Those furloughed include 39 sports journalists and five racing journalists for the news wire. News journalists were not affected, however.

On 8 April it emerged that the group was in introducing a graded wage cut in further Covid-19 measures.

Regional press

Reach

Reach owns a number of regional newspapers, including dailies the Manchester Evening News, Birmingham Mail and Liverpool Echo. It also has a network of “Live” regional news websites.

Reach has suspended five regional free titles in action to mitigate the impact of Covid-19. The titles all publish their last editions in early April.

The affected titles are: Manchester Weekly News, Sutton Coldfield Observer, Lichfield Mercury, Midweek Visiter, and Blackmore Vale Magazine.

Archant

Accounts for year to end of December 2018
– Employees: 1,277
– Turnover: £87.3m
– Pre-tax loss: £7.6m

Archant told staff in April that it was putting a “small number” of them on furlough. Press Gazette understands this is about ten per cent of staff.

The publisher said furloughed staff would be those whose work had “disappeared” or had been “radically reduced” by the Covid-19 crisis.

Archant publishes a number of regional weekly and daily titles, including the Eastern Daily Press.

JPI Media

JPI Media has yet to file its first accounts with Companies House.

JPI Media, which owns the Yorkshire Post and Scotsman titles, has put 350 employees on furlough and has cut the salaries of those who continue to work for it by up to 15 per cent, Press Gazette reported on 1 April.

It is understood that about 60 of those affected are journalists, including in sport and photography. Furloughs are likely to last for at least three weeks.

The publisher also suspended 11 free newspaper titles and one free magazine from 30 March amid concerns over home deliveries.

Newsquest Media Group

Accounts for year to end of December 2018
– Employees: 2,413 (650 editorial)
– Turnover: £197.3m
– Pre-tax profit: £108m

Press Gazette reported on 24 March that Newsquest was placing a “significant number” of its staff on furlough, while all those who remain will face a wage cut.

It is understood about ten per cent of Newsquest’s 650 editorial staff have been put on furlough, with advertising staff mainly affected.

Newsquest publishes a number of weekly and daily newspapers, including the Herald in Scotland and Carlisle News and Star.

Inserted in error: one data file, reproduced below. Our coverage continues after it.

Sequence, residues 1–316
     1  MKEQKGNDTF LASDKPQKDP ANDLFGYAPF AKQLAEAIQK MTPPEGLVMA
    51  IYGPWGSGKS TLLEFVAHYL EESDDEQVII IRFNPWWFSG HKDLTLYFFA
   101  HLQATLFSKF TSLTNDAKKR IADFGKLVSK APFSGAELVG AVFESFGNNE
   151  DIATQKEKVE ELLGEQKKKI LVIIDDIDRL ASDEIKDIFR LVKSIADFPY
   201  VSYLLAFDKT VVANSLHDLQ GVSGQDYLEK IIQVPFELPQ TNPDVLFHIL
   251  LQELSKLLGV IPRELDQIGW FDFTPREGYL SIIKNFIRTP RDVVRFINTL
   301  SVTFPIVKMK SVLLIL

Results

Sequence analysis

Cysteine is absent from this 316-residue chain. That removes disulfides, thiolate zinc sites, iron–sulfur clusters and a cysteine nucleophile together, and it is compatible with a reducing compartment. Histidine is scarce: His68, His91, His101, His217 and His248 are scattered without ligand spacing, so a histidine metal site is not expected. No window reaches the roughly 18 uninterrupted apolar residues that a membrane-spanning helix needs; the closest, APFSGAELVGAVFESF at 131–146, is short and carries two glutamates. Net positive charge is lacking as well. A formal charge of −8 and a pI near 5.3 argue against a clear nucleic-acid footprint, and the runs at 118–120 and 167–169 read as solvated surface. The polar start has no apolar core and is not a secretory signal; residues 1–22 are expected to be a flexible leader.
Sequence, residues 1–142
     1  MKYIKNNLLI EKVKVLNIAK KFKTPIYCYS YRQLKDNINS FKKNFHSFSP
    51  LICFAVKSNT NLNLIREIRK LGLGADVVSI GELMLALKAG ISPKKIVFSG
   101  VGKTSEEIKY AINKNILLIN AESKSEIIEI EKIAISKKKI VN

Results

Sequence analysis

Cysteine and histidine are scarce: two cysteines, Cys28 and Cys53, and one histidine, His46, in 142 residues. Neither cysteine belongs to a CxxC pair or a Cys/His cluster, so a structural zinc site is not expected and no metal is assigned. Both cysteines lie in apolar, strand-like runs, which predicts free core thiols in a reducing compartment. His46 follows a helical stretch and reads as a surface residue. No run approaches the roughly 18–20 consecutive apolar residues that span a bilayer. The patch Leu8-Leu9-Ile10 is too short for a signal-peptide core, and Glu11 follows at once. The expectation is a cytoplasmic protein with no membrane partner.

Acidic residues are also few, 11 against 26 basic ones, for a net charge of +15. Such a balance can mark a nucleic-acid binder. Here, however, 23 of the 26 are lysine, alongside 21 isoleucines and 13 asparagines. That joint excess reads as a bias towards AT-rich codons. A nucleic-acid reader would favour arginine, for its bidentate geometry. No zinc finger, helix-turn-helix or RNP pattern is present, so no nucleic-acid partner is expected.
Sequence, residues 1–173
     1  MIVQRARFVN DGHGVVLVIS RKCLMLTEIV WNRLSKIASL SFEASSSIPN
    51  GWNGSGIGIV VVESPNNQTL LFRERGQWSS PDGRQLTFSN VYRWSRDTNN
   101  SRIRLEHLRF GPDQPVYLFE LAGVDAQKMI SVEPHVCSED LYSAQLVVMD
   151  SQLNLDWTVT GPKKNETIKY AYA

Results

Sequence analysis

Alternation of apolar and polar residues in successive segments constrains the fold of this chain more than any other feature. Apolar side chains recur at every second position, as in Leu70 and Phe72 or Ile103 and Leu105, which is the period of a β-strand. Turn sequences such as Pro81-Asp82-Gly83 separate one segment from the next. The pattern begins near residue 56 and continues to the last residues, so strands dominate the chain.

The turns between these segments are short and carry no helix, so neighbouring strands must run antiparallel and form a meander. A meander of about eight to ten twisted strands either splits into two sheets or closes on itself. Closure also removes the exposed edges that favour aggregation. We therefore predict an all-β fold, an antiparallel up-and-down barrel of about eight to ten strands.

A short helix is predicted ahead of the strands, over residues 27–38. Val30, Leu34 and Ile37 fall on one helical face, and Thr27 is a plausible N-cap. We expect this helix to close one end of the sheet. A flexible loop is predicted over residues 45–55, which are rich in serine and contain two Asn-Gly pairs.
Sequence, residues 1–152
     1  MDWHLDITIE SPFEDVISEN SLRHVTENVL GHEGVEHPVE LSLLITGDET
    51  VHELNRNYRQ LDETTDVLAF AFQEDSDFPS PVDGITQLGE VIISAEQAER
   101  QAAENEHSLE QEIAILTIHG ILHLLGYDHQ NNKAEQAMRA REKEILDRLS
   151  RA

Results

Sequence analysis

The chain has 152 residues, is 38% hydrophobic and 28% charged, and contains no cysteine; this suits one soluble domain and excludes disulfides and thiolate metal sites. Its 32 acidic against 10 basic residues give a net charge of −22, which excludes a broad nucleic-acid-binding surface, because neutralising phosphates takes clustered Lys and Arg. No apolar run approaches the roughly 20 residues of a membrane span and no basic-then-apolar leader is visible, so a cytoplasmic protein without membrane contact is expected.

Iliffe Media Group

Accounts for year to end of March 2019
– Employees: 319
– Turnover: £22.7m
– Pre-tax loss: £10.6m

Iliffe Media Group has furloughed about a quarter of its staff (roughly 80 people), including 30 journalists whose workload has decreased, such as those covering sport.

South London Press

The 150-year-old bi-weekly South London Press has furloughed half of its dozen staff and is asking readers for donations to help with its running costs as advertising has “plummeted” during the Covid-19 lockdown.

B2B

Metropolis Group

Accounts for year to end of December 2018
Employees: 452 (146 editorial)
Turnover: £52.65m
Pre-tax profit: £4m

Media and events business Metropolis group, which owns 40 B2B brands under Emap and three consumer-focused titles, is to furlough between a quarter and a third of all its employees in the coming weeks.

This could be as many as 150 staff, according to Press Gazette calculations.

CEO Robert Marr told staff the news on 20 April 2020, saying sales were “markedly down” during pandemic. The group had already furloughed some staff as a result of the coronavirus.

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Comments

2 thoughts on “More than 2,000 newspaper jobs hit as hundreds of publications across UK face Covid-19 cuts”

  1. You didn’t mention the widespread hyper local Tindle titles, which has furloughed many staff including journalists and subs.

  2. You didn’t include the widespread hyper local Tindle newspapers, which has furloughed a lot of staff including journalists and subs.